The Trembling of a Leaf - W. Somerset Maugham - darmowy ebook

After working in British Intelligence during World War I, William Somerset Maugham set off to regain his health by traveling to Asia, Mexico, and the Pacific Islands. During this trip he gather materials and wrote the stories that appeared in 1921 in The Trembling of a Leaf. The six short stories and two "sketches" include the famous story "Rain" adapted for both theater and film as Sadie Thompson a story about the ironic consequences of obsession. Its less known companions, however, have their own merits. "Macintosh" is a taut psychological study of two officials on a remote tropic island. "The Fall of Edward Barnard" is a brief bildungsroman about what is important in life-a pre-cursor of Maugham's well known novel, The Razor's Edge. Of course love is always a subject of the tropics and Maugham's deft, ironic handling of the theme in "Red" and "Honolulu" is masterful. But it is "The Pool" that tells a poignant and tragic tale about the pitfalls for love across cultures.

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by W. Somerset Maugham

Published 2018 by Blackmore Dennett

All rights reserved. This book or any portion thereof may not be reproduced or used in any manner whatsoever without the express written permission of the publisher except for the use of brief quotations in a book review.

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The Pacific

THE Pacific is inconstant and uncertain like the soul of man. Sometimes it is grey like the English Channel off Beachy Head, with a heavy swell, and sometimes it is rough, capped with white crests, and boisterous. It is not so often that it is calm and blue. Then, indeed, the blue is arrogant. The sun shines fiercely from an unclouded sky. The trade wind gets into your blood and you are filled with an impatience for the unknown. The billows, magnificently rolling, stretch widely on all sides of you, and you forget your vanished youth, with its memories, cruel and sweet, in a restless, intolerable desire for life. On such a sea as this Ulysses sailed when he sought the Happy Isles. But there are days also when the Pacific is like a lake. The sea is flat and shining. The flying fish, a gleam of shadow on the brightness of a mirror, make little fountains of sparkling drops when they dip. There are fleecy clouds on the horizon, and at sunset they take strange shapes so that it is impossible not to believe that you see a range of lofty mountains. They are the mountains of the country of your dreams. You sail through an unimaginable silence upon a magic sea. Now and then a few gulls suggest that land is not far off, a forgotten island hidden in a wilderness of waters; but the gulls, the melancholy gulls, are the only sign you have of it. You see never a tramp, with its friendly smoke, no stately bark or trim schooner, not a fishing boat even: it is an empty desert; and presently the emptiness fills you with a vague foreboding.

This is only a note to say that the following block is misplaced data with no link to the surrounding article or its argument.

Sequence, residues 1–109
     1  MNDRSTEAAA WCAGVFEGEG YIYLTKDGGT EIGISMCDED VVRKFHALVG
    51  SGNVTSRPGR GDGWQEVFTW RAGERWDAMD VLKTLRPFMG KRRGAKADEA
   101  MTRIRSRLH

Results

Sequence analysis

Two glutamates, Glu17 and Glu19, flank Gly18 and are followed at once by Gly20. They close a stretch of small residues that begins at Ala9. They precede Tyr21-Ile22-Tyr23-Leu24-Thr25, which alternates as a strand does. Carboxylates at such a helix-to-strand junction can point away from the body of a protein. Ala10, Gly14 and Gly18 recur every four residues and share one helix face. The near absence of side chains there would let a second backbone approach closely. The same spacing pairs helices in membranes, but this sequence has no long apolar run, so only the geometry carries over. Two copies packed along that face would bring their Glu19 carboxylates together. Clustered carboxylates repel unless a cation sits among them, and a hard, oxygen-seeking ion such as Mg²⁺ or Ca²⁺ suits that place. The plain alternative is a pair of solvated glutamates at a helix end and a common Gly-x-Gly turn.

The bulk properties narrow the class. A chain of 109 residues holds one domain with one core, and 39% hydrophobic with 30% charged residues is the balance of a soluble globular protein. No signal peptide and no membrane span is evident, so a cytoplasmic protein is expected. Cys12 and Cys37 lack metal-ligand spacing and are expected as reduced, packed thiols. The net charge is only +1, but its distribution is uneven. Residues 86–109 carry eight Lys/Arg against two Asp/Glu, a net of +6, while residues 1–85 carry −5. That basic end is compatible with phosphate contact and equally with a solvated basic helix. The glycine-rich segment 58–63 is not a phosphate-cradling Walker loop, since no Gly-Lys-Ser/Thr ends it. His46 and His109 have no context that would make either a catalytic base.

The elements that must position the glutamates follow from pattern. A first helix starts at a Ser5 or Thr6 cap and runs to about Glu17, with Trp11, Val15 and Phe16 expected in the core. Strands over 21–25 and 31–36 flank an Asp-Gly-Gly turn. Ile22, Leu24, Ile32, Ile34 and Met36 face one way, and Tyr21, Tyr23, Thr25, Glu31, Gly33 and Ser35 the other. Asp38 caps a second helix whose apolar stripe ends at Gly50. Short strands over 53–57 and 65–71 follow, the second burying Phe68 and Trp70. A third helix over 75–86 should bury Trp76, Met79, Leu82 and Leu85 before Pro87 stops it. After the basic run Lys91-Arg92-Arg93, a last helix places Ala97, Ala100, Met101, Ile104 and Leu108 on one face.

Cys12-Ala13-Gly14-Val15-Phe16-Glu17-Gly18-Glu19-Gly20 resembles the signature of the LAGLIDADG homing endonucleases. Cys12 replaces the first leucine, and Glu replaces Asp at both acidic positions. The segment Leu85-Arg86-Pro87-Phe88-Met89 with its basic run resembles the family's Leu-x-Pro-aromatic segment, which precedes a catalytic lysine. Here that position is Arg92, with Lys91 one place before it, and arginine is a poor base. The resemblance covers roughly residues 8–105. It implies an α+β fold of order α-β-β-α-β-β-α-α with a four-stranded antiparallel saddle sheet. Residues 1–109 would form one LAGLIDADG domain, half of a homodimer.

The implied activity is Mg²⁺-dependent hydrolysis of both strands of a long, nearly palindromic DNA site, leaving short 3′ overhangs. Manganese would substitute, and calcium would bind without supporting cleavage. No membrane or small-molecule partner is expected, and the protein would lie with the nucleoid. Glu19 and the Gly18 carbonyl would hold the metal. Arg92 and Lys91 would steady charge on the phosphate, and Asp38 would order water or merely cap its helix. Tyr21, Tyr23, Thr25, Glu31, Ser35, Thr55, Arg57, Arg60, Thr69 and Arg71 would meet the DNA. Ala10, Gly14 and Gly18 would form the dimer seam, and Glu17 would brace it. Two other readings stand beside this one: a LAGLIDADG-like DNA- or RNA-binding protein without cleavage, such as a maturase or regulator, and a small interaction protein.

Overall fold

HE splashed about for a few minutes in the sea; it was too shallow to swim in and for fear of sharks he could not go out of his depth; then he got out and went into the bath-house for a shower. The coldness of the fresh water was grateful after the heavy stickiness of the salt Pacific, so warm, though it was only just after seven, that to bathe in it did not brace you but rather increased your languor; and when he had dried himself, slipping into a bath-gown, he called out to the Chinese cook that he would be ready for breakfast in five minutes. He walked barefoot across the patch of coarse grass which Walker, the administrator, proudly thought was a lawn, to his own quarters and dressed. This did not take long, for he put on nothing but a shirt and a pair of duck trousers and then went over to his chief's house on the other side of the compound. The two men had their meals together, but the Chinese cook told him that Walker had set out on horseback at five and would not be back for another hour.

Mackintosh had slept badly and he looked with distaste at the paw-paw and the eggs and bacon which were set before him. The mosquitoes had been maddening that night; they flew about the net under which he slept in such numbers that their humming, pitiless and menacing, had the effect of a note, infinitely drawn out, played on a distant organ, and whenever he dozed off he awoke with a start in the belief that one had found its way inside his curtains. It was so hot that he lay naked. He turned from side to side. And gradually the dull roar of the breakers on the reef, so unceasing and so regular that generally you did not hear it, grew distinct on his consciousness, its rhythm hammered on his tired nerves and he held himself with clenched hands in the effort to bear it. The thought that nothing could stop that sound, for it would continue to all eternity, was almost impossible to bear, and, as though his strength were a match for the ruthless forces of nature, he had an insane impulse to do some violent thing. He felt he must cling to his self-control or he would go mad. And now, looking out of the window at the lagoon and the strip of foam which marked the reef, he shuddered with hatred of the brilliant scene. The cloudless sky was like an inverted bowl that hemmed it in. He lit his pipe and turned over the pile of Auckland papers that had come over from Apia a few days before. The newest of them was three weeks old. They gave an impression of incredible dullness.